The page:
Hsu Che-Yu's animated video No News From Home (2016) mixes home video, voiceover, and animation to trace the life story of the artist's 37-year-old brother, illustrating how he was involved in drugs, fights, and illegal transactions at a young age before entering into marriage—a struggle that mirrors the clashes of values in Taiwanese society after the lifting of martial law in 1987.
In other parts of the exhibition, space is converted into highly decorative sets in order to project futurist landscapes. Ad Minoliti's Froggy (2019) recalls part of a kid's room. One of the walls depicts a frog-like form painted in vibrant green, with two giant dices stacked on top of one another positioned in front of it. Each side of the dice is printed with childlike, cyborg scenes in which animal, feminist, and queer identities blend together—scenarios influenced by the writings of Donna Harroway and Judith Butler.
In one room, museum windows recalling stained glass in churches showcase a post-Anthropocene landscape with printed images depicting android "Keana-35®" in poses evocative of Kwan Yin. Keana and Wonderful Lives (1-3) (2019) by Zijie is part of a project exploring future for domestic androids in Hong Kong—a reflection on the limited rights of the city's domestic workers, the ongoing evolution of automation, and how androids might rewrite domesticity in the age of the smart home. According to the detailed manual provided by Zijie and Yunyu 'Ayo' Shih, the android is able to read and process domestic data, fully integrated into domestic and even sexual life.
As people move between private and public space, often becoming objectified in the process, so objects oscillate between mass-produced commercial goods and symbols of identity and personal belonging. In the series 'Person' (2019), Rose Salane profiles owners of lost rings found throughout the New York City Subway with the aid of an intuitive reader, a bio lab, and a pawnshop—the objects are framed and lined on the wall like archaeological specimens. Cécile B. Evans's video How Happy a Thing Can Be (2015) imbues computer-generated objects with life, showing a pair of scissors, a comb, and a screwdriver travelling from a bathroom as two women casually discuss random topics, from death to the weather, in the voiceover. As the dialogue proceeds, the objects start to bleed and scream in distress; their emotions gradually escalating from boredom to hysteria.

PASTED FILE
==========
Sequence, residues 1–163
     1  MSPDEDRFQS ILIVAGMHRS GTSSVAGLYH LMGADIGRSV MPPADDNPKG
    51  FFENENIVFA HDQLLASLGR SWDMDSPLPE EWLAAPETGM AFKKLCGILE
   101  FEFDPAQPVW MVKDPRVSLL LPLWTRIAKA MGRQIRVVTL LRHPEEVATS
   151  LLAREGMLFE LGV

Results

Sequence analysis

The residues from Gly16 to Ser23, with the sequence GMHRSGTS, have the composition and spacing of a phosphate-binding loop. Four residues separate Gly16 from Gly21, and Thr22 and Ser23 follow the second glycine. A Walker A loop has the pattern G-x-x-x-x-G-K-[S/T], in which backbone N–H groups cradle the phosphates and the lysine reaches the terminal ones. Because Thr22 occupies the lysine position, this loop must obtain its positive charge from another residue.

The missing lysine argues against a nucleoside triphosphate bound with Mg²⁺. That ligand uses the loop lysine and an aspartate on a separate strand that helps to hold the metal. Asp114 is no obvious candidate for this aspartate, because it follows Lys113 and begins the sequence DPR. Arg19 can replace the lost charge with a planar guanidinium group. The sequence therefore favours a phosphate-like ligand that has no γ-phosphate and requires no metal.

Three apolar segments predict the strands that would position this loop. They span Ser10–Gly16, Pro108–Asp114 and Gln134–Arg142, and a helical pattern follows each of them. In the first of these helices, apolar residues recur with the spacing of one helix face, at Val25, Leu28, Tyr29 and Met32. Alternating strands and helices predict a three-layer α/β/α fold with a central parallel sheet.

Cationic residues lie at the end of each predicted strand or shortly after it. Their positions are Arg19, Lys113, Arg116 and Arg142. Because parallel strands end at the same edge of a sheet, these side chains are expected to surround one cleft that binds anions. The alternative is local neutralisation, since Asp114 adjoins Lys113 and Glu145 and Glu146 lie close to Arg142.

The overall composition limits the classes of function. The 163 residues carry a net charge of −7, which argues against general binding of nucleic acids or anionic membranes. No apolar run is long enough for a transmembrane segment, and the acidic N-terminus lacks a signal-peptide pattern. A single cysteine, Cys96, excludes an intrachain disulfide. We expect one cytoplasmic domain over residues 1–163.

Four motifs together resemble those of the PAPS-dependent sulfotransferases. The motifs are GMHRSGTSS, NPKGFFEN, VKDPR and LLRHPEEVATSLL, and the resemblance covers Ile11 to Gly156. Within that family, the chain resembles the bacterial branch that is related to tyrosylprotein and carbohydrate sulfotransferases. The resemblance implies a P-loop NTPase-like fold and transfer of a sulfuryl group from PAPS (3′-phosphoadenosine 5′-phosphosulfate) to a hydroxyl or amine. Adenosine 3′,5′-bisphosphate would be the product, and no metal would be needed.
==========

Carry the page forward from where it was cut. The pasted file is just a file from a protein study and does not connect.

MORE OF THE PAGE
Like this exhibition, How Happy a Thing Can Be moves between reality and fantasy, often bringing both re together in schizophrenic proximity. Similarly, Aki Sasamoto's video Do Nut Diagram (2018), portrays a sequence of routine behaviours—including breaking, scrubbing, and scouring glass sheets in a forest—with a frenetic sense of haunting and alienating unease. Both works respond to the way time has been measured in this exhibition in sensual, mundane, and repetitive terms, often tipping over into the uncanny.
On the exterior wall of Sasamoto's video room, a poem by the artist echoes the atmosphere that the curators have conjured:
Ghosts wander about in the kitchen and bedrooms, fueled by grudge.
They roll your vegetables off a cutting board and crumple your duvet inside its sack.
They dwell in the space of routines,
Trying to distract the myopic livings from seeming productivity.
Mindless domesticity recalls the time when they were alive, avoiding.
The domestic space is filled with phantoms that interfere with perceptions of daily life, as expressed with artworks that have materialised deep and complex experiences and perspectives. Yet a strong thesis on what feminine—or feminist—time is within this archaeology seems insufficient; perhaps indicative of the curators' efforts to detour from overt political utterances given the censoring of feminist and LGBT content in China in recent years.—[O]